Five additional scientists awarded $2.3 million for research on novel coronavirus
Five research teams at the University of British Columbia are collectively receiving $2.3 million in federal funding for research to help tackle the COVID-19 outbreak.
The teams, led by UBC researchers Horacio Bach, Artem Cherkasov, Eric Jan, Jeffrey Joy and Dr. James Russell, are working on developing and implementing measures to rapidly detect, neutralize, manage, and reduce the transmission of COVID-19.
They join research teams led by Dr. Richard Lester, Dr. Srinivas Murthy, Natalie Prystajecky and Dr. Mel Krajden, and Yue Qian, who collectively received $2.8 million from the federal government for their research on COVID-19 announced March 6—bringing the total federal funding for UBC researchers working on COVID-19 to $5.1 million.
Countries around the world, including Canada, are working to contain the current outbreak of COVID-19, which has claimed the lives of more than 14,500 people worldwide, according to the March 23 update from the World Health Organization.
“We are very grateful for this additional investment through the federal government’s emergency research funding,” says Gail Murphy, vice-president, research and innovation at UBC. “This provides researchers at UBC and across the country with resources to gain critical insights into COVID-19 and help to develop treatments and prevent its spread.”
Testing antibodies to block COVID-19
Horacio Bach, adjunct professor in the division of infectious diseases in the UBC faculty of medicine, is principal investigator of a team receiving $395,600. His team will be developing antibodies to neutralize and block the entrance of the virus into cells, and testing the efficacy of these antibodies in mice.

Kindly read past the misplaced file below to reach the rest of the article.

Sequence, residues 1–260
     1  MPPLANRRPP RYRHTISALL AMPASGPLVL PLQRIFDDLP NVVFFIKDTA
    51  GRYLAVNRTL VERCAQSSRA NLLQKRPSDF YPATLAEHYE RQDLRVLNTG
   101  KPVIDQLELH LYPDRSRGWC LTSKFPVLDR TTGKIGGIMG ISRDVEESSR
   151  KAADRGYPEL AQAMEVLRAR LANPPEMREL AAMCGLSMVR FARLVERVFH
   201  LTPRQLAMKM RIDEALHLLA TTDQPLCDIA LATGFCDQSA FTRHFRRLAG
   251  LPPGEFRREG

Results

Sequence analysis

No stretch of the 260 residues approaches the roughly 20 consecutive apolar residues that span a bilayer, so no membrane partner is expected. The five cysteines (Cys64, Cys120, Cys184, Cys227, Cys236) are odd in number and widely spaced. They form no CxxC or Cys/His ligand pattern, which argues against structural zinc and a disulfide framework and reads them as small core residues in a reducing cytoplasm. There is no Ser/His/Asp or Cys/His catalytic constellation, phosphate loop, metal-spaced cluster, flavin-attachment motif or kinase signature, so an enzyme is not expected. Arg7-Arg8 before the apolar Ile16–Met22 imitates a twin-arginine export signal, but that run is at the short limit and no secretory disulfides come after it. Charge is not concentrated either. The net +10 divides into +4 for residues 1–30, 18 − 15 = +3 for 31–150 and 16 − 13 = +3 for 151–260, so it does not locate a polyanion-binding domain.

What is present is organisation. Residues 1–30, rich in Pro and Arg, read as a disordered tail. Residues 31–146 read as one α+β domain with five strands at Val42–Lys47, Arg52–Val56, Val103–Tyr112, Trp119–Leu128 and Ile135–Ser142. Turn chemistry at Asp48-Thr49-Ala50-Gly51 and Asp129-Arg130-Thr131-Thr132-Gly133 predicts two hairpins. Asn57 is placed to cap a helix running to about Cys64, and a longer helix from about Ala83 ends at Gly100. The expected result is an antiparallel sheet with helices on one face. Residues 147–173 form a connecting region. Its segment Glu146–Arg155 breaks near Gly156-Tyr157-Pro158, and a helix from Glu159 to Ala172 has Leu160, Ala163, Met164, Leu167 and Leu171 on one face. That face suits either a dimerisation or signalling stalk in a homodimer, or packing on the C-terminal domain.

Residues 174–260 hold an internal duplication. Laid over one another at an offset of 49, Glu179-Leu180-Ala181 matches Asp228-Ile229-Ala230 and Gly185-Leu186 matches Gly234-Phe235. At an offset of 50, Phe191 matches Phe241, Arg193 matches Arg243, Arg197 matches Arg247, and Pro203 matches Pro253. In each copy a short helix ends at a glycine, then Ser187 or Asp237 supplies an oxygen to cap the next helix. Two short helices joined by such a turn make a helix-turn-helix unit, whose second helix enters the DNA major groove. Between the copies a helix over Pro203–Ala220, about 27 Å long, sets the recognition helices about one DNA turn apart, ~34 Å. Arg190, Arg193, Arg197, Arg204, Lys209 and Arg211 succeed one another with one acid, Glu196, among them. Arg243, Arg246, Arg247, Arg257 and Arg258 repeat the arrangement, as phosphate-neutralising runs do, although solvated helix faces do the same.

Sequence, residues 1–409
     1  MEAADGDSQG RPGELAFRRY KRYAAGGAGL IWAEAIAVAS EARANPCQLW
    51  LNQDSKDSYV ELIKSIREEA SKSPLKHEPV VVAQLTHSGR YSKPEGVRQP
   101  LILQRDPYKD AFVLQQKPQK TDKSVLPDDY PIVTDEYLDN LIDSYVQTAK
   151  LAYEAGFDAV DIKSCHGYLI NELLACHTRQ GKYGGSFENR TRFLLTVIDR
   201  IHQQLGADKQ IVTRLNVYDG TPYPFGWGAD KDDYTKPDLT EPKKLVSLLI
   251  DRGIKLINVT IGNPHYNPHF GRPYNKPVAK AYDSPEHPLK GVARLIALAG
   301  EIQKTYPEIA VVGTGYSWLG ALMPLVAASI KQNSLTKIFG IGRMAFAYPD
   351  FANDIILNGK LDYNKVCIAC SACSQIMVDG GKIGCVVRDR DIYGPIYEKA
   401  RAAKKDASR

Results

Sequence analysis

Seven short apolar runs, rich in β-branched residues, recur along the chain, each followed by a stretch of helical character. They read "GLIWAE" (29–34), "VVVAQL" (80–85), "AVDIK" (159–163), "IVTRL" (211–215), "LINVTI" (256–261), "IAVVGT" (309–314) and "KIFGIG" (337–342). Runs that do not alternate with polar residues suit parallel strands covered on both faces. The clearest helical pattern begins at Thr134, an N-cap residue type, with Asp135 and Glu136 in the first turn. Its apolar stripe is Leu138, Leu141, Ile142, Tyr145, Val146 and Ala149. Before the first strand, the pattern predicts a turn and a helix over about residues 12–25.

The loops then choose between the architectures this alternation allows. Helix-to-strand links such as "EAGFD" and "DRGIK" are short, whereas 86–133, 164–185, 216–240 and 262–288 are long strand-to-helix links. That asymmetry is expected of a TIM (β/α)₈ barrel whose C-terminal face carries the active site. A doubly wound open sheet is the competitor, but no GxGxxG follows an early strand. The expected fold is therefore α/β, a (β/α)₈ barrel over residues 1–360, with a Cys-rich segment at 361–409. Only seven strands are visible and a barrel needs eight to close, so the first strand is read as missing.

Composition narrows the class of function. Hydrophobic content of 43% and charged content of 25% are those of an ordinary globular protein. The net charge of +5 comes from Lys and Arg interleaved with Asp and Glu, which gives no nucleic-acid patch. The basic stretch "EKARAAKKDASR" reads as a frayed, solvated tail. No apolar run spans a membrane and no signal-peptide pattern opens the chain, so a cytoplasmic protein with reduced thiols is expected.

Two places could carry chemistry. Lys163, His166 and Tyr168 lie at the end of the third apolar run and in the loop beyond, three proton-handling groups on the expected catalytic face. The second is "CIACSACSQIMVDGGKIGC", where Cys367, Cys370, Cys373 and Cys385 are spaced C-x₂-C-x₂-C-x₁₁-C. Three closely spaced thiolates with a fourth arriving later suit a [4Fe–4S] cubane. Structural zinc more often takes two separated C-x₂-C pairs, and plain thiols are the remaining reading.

“Currently, there is no effective treatment or vaccine to control the virus, which in severe cases can cause respiratory failure and death,” says Bach, who is also the manager of the antibody engineering facility within the Immunity and Infectious Research Centre at Vancouver Coastal Health Research Institute. “We are hopeful that our research will lead to a treatment for patients and will help prevent transmission of the virus that causes COVID-19.”
Using ‘deep docking’ to rapidly identify anti-viral drug molecules
A team led by Artem Cherkasov—professor in the department of urologic sciences in the UBC faculty of medicine and senior scientist at the Vancouver Prostate Centre—is receiving $999,000.
Using “deep docking”—a virtual screening protocol enabled by artificial intelligence—the research team is applying an algorithm to search chemical space to identify compounds that could potentially inhibit the main enzyme critical to helping the SARS-CoV-2 virus to survive. SARS-CoV-2 is the term for the virus that causes COVID-19 disease.
“Deep docking allows our team to rapidly identify small anti-viral drug molecules in an extremely condensed timeframe,” he explains. “In fact, our first application of the algorithm this month enabled the screening of 1.3 billion commercially available compounds against the novel coronavirus virus in one week—a process that would have taken three years using conventional methods.”
Preparing for future emerging coronavirus outbreaks
A team led by Eric Jan, professor in the department of biochemistry and molecular biology with Chris Overall, professor in the Centre for Blood Research in the UBC faculty of medicine, is receiving $331,212.
The research team is working to identify protein targets of SARS and MERS coronavirus proteases. By engineering “decoy protein sequences,” they are hoping to block the ability of SARS and MERS coronaviruses to function, thereby inhibiting infection.